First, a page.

It turns out Harper Lee was a more prolific writer than everybody assumed.
The 89-year-old author died last Friday in her hometown of Monroeville, Ala., just seven months after the publication of her second novel,"Go Set a Watchman." It had been 55 years since "To Kill a Mockingbird" came out, and in that time, Lee had almost disappeared from view, making no public appearances and turning down all interview requests.
But some lucky folks got letters from her. After the AJC wrote about two of them on Sunday, a third recipient raised his hand. Stuart Noel, an associate dean and professor of English at Georgia State University, said he wrote to Lee in October 2003 to request an interview for a book he was working on. She turned him down — heck, she turned everybody down — but at least she had the good Southern manners to write back.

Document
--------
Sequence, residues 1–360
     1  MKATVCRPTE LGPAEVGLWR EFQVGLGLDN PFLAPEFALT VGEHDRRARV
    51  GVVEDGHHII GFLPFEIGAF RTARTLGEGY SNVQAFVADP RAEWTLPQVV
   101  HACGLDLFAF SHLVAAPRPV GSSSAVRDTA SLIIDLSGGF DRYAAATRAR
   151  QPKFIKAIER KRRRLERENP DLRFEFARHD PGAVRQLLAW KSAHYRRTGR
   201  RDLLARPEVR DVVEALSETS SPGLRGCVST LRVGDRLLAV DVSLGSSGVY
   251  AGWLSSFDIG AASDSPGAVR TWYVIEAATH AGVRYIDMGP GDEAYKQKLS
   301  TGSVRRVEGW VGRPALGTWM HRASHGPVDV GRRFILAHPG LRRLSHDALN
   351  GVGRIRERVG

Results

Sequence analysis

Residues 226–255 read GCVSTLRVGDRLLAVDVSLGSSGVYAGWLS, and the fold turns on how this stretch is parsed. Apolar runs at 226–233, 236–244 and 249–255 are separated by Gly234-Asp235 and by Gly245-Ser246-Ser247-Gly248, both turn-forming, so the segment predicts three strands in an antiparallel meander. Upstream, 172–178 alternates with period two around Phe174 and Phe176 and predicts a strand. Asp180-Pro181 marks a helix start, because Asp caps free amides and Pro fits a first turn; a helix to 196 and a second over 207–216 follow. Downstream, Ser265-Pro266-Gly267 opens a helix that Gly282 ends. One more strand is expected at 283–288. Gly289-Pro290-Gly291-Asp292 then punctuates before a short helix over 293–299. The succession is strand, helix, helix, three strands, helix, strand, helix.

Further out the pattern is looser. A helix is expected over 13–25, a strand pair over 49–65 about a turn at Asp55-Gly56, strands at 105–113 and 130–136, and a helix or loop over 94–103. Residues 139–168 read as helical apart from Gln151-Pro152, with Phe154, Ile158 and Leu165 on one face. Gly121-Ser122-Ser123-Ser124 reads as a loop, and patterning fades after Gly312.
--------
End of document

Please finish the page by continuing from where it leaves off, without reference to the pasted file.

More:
“Within a week she sent this letter to me — something I will always treasure,” Noel said in an email, where he included a copy of the handwritten missive.
“I do feel strongly about biographies of the living,” Lee wrote. “After all, my life is the only thing I can call my own and I do think I’m entitled to it.
“After the dust settles, I’m up for grabs!” she added.
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Credit: Jason Getz / Jason.Getz@ajc.com